So if we can pass the progressive income tax, get in our financial house in order at the state level, and fund our schools the way we're supposed tothat means the property taxes can stop increasing and then get some relief. It's not just the money issue, it's that the you have those property taxes going up, rents go up. That doesn't mean that people get raises, just that rents go up and then they have to eave our communities.
WCT: What do you think are the most pressing issues for LGBT residents of the 12th District?
JG: This brings in a somewhat national issue, with Donald Trump stoking homophobia, white nationalism and xenophobia. We have seen the attacks against LGBT people go up. We've seen less tolerance. We've seen more folks, especially trans women of color, being murdered just for being trans women of color. The petty harassment has been there a long time. Now it's, "It's okay to murder someone because they're different"that's what can we have to fight back against.
WCT: Where does a state rep fit in there?
JG: Some of it comes from really listening to where the violence comes from. Does it come from local chapters of hate groups? We can coordinate with local police to keep an eye on people. Is it from education and schools? Let's make sure that children are taught tolerance and acceptance early on, so that it doesn't become a big deal later in life. Coordination with local officials is importantstate reps don't have any direct control of police aldermen do. So work with aldermen to make sure that they can keep patrols higher in areas where those attacks happen.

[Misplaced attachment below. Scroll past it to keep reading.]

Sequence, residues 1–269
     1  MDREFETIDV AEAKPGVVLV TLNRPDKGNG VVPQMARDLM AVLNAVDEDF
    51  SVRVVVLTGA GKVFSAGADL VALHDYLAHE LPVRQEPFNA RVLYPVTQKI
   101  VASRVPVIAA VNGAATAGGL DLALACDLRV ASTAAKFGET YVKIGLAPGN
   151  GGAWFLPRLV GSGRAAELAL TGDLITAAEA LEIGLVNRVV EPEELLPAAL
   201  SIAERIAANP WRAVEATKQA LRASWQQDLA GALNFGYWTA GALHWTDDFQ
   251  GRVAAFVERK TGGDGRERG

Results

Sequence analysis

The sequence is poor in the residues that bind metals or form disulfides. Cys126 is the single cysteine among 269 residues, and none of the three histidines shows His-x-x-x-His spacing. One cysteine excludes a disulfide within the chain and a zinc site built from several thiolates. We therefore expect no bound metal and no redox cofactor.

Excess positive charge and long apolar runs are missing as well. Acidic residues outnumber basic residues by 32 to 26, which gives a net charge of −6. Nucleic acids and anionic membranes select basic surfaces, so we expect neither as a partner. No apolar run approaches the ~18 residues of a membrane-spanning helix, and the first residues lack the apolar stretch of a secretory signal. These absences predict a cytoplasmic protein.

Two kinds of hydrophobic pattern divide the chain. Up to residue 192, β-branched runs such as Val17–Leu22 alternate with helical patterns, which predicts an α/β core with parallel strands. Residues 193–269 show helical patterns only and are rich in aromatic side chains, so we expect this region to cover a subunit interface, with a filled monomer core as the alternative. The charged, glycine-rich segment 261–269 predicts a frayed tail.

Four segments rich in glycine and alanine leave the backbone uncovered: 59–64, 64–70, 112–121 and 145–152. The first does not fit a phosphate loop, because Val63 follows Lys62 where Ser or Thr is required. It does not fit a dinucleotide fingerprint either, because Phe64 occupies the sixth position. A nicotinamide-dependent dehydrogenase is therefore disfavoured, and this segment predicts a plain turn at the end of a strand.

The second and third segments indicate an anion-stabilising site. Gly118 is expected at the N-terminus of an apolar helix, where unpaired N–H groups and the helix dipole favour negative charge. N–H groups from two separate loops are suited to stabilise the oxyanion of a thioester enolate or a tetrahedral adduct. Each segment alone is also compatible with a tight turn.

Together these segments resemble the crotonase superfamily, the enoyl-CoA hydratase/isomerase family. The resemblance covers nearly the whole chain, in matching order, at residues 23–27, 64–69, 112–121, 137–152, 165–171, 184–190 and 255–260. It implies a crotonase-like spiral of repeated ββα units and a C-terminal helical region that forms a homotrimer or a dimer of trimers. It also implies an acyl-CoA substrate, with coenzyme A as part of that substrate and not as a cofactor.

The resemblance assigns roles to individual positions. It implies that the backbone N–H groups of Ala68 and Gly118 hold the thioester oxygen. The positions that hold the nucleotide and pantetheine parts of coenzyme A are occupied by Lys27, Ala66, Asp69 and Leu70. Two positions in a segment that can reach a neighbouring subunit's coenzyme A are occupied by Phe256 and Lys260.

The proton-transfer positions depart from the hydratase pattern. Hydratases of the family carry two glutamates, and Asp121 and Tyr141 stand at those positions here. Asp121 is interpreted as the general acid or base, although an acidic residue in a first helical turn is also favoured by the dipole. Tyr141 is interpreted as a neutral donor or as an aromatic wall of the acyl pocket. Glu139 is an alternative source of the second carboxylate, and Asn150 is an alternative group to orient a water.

WCT: In Lake View, there are sometimes problems when LGBT young folks go there to party, andoften on summer nightstensions arise between them and residents or business owners. This would be in your district, so how could you address that at the state rep's level?
JG: That would be tricky for a state rep. There is far less in terms of authority we would have to control something like that. Lord knows, we don't want rules like, "no alcohol after a certain time" because we're regulating businesses more, and we don't want to do that.
…Not to discourage people from coming in here and spending money, but if this was not the only major hub, the only "safe" place that LGBT youth could go, it would be good. My boyfriend comes in from the suburbs. He and his friends come in to go to Boystown, because there's nothing like that out there. If there were more spaces like that, throughout the city and further west, that might calm down the situation. I don't know if it would, but it might.
WCT: Have you done any activism work, beyond your campaign work, that you want to mention?
JG: It wasn't specifically for the LGBT community, but I do a lot of work with youth. I have participated in the Lawyers in the Classroom program, where you go in and teach fifth and sixth graders how to think like a lawyer. I'll be honest, they shock the hell out of me sometimes. We did the Three Little Pigs as a case, and they came up with ideas that none of the lawyers in the room have thought of. I'm also an alum and still work with Mikva Challenge; I'm very proud of that work.
WCT: What's been the biggest challenge in the race?
JG: Money. On one side, you had a candidate who raised a quarter-million dollars for Lori Lightfoot, and hundreds of thousands for other candidates, and miraculously they endorsed him. Another candidate loaned herself fifty thousand dollars up frontthat's five times what I've got in my bank account at any given timeand has pulled in lobbyists left and right, dumping money in there.
I know that I have the right message and the right ideas. But the people I'm calling are ones where I ask, "Hey man, can I have a hundred bucks?" I've had someone answer, "If I do that, I won't have groceries next week." I said, "Don't give it to me." The fact that money have been so pervasive and overwhelming, and that this has now become a proxy-war between the mayor [who endorsed Pizer] and the governor [who endorsed opponent Margaret Croke] means that people are losing sight of things besides the money. That's one reason we need campaign finance reformthe money drowns out the voices.
See JimmyGarfield.com .